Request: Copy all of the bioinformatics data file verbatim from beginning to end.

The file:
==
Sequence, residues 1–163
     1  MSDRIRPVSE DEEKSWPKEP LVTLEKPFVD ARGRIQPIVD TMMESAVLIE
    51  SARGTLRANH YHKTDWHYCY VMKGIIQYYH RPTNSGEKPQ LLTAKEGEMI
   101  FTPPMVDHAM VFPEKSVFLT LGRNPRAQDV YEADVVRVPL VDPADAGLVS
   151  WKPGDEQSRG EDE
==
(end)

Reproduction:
Sequence, residues 1–163
     1  MSDRIRPVSE DEEKSWPKEP LVTLEKPFVD ARGRIQPIVD TMMESAVLIE
    51  SARGTLRANH YHKTDWHYCY VMKGIIQYYH RPTNSGEKPQ LLTAKEGEMI
   101  FTPPMVDHAM VFPEKSVFLT LGRNPRAQDV YEADVVRVPL VDPADAGLVS
   151  WKPGDEQSRG EDE